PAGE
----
November 30 2012

Emerging languages spotlight: Elm

Over the next few months I’ll be taking a look at new and emerging programming languages. The following piece is the first in this series.

The Elm Programming Language, created by Evan Czaplicki, tackles web interaction and takes on the big three — HTML, CSS, and JavaScript. I recently had the pleasure of sitting down with Czaplicki to talk about why he decided to take on this daunting project and how Elm could revolutionize web programming.

Czaplicki was working on a front-end web project and he was thinking about how is it that web development can be “so frustrating in a way it didn’t have to be.” That was the day Elm was born (he talks about that moment in this segment of our video interview).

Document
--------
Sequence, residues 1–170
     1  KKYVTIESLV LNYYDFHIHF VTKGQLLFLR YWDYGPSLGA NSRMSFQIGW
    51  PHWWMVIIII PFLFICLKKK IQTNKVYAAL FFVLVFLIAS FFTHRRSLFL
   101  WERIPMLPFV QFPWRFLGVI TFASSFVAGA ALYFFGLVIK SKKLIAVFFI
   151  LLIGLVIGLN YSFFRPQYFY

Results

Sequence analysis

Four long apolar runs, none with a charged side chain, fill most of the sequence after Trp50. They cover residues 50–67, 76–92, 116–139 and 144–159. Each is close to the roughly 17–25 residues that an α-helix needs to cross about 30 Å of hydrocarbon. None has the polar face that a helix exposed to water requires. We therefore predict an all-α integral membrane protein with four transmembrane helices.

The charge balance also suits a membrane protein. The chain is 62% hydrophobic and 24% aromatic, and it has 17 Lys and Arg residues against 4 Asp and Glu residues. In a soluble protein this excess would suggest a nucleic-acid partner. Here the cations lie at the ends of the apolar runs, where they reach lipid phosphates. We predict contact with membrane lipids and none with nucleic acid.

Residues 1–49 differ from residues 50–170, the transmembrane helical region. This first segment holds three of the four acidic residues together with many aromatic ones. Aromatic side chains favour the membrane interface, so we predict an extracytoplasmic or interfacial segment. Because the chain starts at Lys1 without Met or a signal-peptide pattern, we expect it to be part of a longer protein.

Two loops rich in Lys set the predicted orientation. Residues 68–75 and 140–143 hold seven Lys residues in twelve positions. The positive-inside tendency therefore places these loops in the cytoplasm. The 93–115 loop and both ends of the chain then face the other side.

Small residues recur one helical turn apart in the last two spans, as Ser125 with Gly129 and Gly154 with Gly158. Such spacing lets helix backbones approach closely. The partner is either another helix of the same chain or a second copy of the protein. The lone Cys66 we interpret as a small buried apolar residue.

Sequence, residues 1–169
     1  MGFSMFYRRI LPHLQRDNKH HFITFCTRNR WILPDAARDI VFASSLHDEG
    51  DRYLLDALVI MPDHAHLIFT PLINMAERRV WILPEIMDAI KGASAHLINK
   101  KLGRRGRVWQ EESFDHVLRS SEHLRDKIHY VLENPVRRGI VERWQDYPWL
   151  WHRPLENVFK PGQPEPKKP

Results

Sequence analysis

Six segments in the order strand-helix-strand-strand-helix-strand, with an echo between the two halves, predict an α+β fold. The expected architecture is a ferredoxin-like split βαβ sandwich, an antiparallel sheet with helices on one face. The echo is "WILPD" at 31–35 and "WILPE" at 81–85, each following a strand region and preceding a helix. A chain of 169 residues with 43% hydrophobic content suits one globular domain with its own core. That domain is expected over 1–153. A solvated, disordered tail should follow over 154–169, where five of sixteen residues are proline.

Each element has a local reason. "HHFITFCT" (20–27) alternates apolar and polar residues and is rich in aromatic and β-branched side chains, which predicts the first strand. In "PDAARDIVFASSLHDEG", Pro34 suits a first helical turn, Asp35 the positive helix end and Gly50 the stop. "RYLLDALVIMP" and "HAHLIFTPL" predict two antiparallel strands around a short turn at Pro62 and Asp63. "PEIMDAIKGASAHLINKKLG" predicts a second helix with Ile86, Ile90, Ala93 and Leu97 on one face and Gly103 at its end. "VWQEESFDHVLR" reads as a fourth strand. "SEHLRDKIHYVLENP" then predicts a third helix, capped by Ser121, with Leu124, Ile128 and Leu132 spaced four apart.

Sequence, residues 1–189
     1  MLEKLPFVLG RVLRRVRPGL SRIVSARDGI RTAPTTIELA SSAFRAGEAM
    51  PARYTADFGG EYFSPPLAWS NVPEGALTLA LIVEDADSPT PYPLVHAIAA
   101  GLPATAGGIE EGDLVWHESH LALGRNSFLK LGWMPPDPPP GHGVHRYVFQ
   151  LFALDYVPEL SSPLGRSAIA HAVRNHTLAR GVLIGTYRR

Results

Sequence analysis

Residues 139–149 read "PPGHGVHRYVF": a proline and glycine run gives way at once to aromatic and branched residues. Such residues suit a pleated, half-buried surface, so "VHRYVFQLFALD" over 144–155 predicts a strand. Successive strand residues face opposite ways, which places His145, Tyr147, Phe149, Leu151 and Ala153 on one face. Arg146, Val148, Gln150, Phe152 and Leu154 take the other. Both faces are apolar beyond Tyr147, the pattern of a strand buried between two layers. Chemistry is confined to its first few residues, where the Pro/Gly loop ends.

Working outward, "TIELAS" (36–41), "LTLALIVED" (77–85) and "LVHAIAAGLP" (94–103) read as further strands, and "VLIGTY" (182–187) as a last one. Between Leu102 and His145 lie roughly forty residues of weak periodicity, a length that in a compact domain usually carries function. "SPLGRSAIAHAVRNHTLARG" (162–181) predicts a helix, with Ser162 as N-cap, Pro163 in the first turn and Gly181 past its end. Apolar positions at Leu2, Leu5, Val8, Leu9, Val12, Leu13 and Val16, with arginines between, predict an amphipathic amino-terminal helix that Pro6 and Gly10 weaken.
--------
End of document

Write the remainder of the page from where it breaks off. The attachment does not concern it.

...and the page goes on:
Today’s websites bear virtually no resemblance to those from 10 years ago, so why are we using the same tools? Cyclical upgrades to HTML, CSS and JavaScript have certainly enhanced and improved upon older versions. HTML5 has taken some great leaps forward. But we’re still using the core.

Coming from a functional programming background led Czaplicki to think about web programming from the perspective of functional reactive programming. What is functional reactive programming? It takes away the idea that interaction between a website and user is static — updating only at certain moments or clicks — and inserts the capability to update as events happen, like mouse movements. Czaplicki gives more detailed insight here.